Wide Range of Deportation Facilities Show Need of Major Renovations

While some immigration detention centers seem to provide their detainees with less-than livable conditions, others seem closer to a hotel than a prison. With such a wide range of options, the system for keeping individuals without citizenship or proper immigration forms, the centers reflect a clear need for more standardized practices in U.S. immigration procedures.

According to a new report from the New York University School of Law Immigration Rights Clinic, “Immigration Incarceration: The Expansion and Failed Reform of Immigration Detention in Essex County, N.J.,” the detention facility has undergone much criticism by outsiders and detainees alike.

Although detention services laws dictate that detainees will be given nutritious meals that accommodate for ethnic, cultural and spiritual needs, as well as for “therapeutic medical diets,” many detainee’s formal greivances have shown that they are fed diets that support fewer than 1,500 calories per day.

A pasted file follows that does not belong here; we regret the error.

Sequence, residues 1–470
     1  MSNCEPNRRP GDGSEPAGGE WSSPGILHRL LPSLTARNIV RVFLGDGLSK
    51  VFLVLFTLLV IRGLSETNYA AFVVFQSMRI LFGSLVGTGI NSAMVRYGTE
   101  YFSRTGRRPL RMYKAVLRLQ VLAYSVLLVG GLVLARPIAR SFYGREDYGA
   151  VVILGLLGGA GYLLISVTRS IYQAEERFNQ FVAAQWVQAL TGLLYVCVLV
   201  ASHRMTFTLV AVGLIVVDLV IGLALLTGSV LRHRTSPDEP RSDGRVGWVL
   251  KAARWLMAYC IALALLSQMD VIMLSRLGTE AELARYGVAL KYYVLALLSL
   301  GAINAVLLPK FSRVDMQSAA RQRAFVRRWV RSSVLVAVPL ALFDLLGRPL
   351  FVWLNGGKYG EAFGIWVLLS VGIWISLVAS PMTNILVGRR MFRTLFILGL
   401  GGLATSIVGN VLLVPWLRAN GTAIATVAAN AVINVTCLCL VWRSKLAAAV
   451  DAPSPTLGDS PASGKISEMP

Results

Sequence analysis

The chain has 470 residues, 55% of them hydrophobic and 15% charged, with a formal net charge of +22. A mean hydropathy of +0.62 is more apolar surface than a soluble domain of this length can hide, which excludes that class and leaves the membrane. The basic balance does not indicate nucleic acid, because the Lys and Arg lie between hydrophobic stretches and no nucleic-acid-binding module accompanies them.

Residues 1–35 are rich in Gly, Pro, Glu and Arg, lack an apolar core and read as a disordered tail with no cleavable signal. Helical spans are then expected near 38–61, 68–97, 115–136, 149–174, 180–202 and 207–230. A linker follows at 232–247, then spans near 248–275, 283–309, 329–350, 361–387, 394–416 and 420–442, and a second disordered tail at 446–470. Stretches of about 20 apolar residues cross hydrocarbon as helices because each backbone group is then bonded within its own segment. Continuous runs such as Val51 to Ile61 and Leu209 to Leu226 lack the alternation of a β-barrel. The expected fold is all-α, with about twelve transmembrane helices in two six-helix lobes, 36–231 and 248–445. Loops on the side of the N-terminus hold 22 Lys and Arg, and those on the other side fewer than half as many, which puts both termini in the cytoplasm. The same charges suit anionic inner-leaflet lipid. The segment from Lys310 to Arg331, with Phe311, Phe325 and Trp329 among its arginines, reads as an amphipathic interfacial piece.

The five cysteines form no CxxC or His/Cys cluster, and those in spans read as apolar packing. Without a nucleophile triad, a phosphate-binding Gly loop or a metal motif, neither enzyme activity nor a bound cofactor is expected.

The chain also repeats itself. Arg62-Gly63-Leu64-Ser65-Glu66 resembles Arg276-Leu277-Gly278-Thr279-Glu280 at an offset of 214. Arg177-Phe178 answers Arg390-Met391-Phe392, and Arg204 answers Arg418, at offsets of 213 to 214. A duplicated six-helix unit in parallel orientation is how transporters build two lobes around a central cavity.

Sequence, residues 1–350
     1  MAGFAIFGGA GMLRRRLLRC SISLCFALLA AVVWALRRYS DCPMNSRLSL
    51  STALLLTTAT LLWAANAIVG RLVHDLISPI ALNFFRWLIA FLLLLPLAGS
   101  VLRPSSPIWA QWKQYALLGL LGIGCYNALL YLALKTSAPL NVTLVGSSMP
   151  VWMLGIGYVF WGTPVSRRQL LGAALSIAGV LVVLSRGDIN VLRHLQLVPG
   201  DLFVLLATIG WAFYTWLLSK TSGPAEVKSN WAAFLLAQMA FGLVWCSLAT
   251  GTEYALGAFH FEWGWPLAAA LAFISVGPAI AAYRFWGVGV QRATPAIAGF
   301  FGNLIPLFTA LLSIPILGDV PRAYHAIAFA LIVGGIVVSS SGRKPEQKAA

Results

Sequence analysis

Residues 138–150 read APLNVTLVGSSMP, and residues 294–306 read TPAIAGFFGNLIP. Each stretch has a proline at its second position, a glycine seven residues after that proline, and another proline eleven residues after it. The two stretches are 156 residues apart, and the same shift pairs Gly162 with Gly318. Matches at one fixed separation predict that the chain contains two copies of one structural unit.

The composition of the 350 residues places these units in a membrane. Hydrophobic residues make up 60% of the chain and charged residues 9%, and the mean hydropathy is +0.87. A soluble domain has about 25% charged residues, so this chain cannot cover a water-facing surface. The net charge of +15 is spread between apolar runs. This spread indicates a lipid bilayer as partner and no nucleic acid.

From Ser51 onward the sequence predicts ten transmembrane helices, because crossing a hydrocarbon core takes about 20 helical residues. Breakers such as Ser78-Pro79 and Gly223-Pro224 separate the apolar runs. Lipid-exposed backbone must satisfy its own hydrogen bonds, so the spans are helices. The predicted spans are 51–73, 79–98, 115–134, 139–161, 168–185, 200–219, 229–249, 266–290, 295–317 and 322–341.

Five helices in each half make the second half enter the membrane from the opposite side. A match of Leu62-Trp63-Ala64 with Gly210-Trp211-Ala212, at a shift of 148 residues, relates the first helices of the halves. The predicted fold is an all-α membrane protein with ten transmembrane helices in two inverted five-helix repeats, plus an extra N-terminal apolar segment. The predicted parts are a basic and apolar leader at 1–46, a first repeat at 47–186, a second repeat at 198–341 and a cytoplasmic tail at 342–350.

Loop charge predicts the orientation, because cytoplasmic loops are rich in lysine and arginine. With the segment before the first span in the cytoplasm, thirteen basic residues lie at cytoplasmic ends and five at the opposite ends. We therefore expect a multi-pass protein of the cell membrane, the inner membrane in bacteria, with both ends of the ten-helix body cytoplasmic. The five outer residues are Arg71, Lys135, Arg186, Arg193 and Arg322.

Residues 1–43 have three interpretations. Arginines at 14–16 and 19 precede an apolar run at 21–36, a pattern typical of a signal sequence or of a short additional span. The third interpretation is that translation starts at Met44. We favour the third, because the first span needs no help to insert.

The study found that many detainees are not given proper medical attention from previous or current injuries, as well. One inmate, who was in an automobile accident before being detained, was only given two weeks worth of over-the-counter pain relief medication, despite continuing to suffer from neck bulges and the aftereffects of several dislocated spinal discs. While this particular inmate was told that his wanted medication was too expensive for the detention facility to afford, another individual suffered through an ear infection for four months before receiving medication.

The circumstances in Essex County are a far cry from those found in Karnes City, Texas. A new facility with room to hold 608 detainees, inmates are given access to the internet, a full library, cable TV, and exercise facilities, which include an indoor gym, basketball courts and soccer fields. The facility, which will be a model for two other planned facilities in Illinois and Florida, is a step by the Obama administration to make conditions for detainees more humane.

“We needed to do better. We needed to improve our detainee treatment,” Gary Mead, executive associate director for removal operations with U.S. Immigration and Customs Enforcement, told The Associated Press.